We sail with genoa only whenever it is fresh for our local sailing. The balance is excellent. Offshore in a seaway, making to windward, the addition of the reefed main adds a lot of drive and the ability to point higher The only advice I can give about genoa only sailing is not to try to point too high. Keep the luff tension up.
There are many that have sailed Twisters single-handed much further than me and may well comment.
However, in my experience, if you have an electric self steering system and can motor slowly into the wind...the main is a good idea. Reefed if you need. She will also sail under main alone...again off the wind. If you have a roller genoa then it's easy to get that in on your own. With both sails you will have better balance so you can set the self steering and enjoy what I believe is called a 'tinny.'
The main when up will look after itself. To get the main down, after rolling up the genoa, you can either use the self steering and motor into wind or simply lie ahull. No engine. Let the helm go and let out mainsheet so the boom is over the guard rails. Wait a few moments till the boat settles with little drive in the main. She'll be making a knot or so on a reach forward of the beam. This is why you have a long keel boat like a Twister. Go forward and drop the main. Furl it and then go to engine.
You do need a little space to for these evolutions. I sail on the Solent and, when it is crowded on a good day it can be difficult to find a free patch. Not every skipper sees that you are on your own and gives you space. Genoa alone might be good if it is crowded...as it might be. [I looked on Google and you seem to have a fabulous cruising ground. If you have any pictures...please send to me so I can put them on the website.]
I have also sailed many miles on genoa alone...and the electric self steering is happy with it but if it blows up the boat can yaw around the set course.
She'll do both well but particularly when manoeuvring in confined spaces bear the following in mind:
Headsail only. She'll get more power from this alone as long as the wind is not from aft. If you don't have much way on she'll be more reluctant to come up and through the wind. Bear in mind in restricted spaces.
Main only. Without the slot effect from the headsail it's not a powerful sail if going to windward under it alone. Downwind is a different story. However she will come up through the wind at low speed under the main. If you need to bear away smartly don't be shy about dumping the main. If you don't she'll be slow to obey.
Go out, sail and practice. You'll find that, handled right, the Twister will do anything you want.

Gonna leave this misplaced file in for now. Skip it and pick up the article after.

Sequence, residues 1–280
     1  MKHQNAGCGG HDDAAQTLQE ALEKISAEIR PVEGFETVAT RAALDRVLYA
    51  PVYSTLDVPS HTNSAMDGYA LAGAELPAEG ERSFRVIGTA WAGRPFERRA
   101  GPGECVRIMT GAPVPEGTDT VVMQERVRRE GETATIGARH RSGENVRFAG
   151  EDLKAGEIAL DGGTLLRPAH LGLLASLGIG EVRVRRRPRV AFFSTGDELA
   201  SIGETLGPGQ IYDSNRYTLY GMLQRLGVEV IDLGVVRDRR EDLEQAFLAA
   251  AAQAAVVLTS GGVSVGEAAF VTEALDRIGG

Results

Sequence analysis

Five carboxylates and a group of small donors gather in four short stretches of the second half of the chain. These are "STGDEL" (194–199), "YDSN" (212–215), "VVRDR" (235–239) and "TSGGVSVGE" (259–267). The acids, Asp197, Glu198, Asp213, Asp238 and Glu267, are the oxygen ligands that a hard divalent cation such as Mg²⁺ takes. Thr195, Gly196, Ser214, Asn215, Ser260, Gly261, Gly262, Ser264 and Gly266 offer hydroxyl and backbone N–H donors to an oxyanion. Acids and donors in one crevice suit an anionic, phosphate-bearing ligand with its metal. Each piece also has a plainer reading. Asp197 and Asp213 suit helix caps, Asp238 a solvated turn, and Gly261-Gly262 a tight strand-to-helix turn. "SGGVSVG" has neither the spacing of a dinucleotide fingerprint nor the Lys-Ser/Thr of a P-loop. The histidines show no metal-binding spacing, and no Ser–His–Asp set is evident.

Maybe I'm being overly cocky... and they do say pride comes before a fall... but I've been managing fairly well single-handed even with a hanked-on foresail, hailyards at the mast and without the luxury of self-steering.
As Peter says you need to have sufficient room (about a cable) and I wouldn't try it in a blow but ...
For the hoist
1. Preparation is everything ... sails all ready to hoist, one or at most two sail ties only ...
2. Motor into a nice big space point bows into the wind and stick the engine in neutral
3. Leave mainsheet slack, dash to the mast and hoist mainsail
4. Return to cockpit, sheet in mainsail as if for beam reach and she should settle and hold a slow unexciting close reach with no tiller, which gives you time to ...
5. Return to mast, tidy up main hailyard, topping lift etc. and finally hoist the genoa, a lot of flapping then ensues before ...
6. you return to the cockpit, sheet in, bear away or whatever.
Let's face it sailors have been doing this for centuries, for all those years when (most) boats had no engines. If yer-man () can do it on a flighty over-canvassed West Solent One Design then it should be quite a mundane affair on a Twister.
Reverse the process for the stow: let go and drop the headsail first, then loosen slightly the main sheet and bob around for a few seconds (mostly) head to wind whilst the main comes down.
Other technique (if one is available) is to grab a vacant mooring buoy and yaw around on the ground anchor whilst hoisting sails at your leisure. This doesn't work so well in reverse though, picking up a buoy single-handed in a tideway whilst under sail is beyond my skill level.
I single hand all the time. I bought a simple tiller pilot and it gives me plenty of time to sail in to the wind and raise the main and head sail. My head sails are hanker on so I sometimes have to change them but I find the twister very accommodating to my needs. I'm sure though one day I'll end up going overboard. Probably need to use a safety harness. All adds to the fun.
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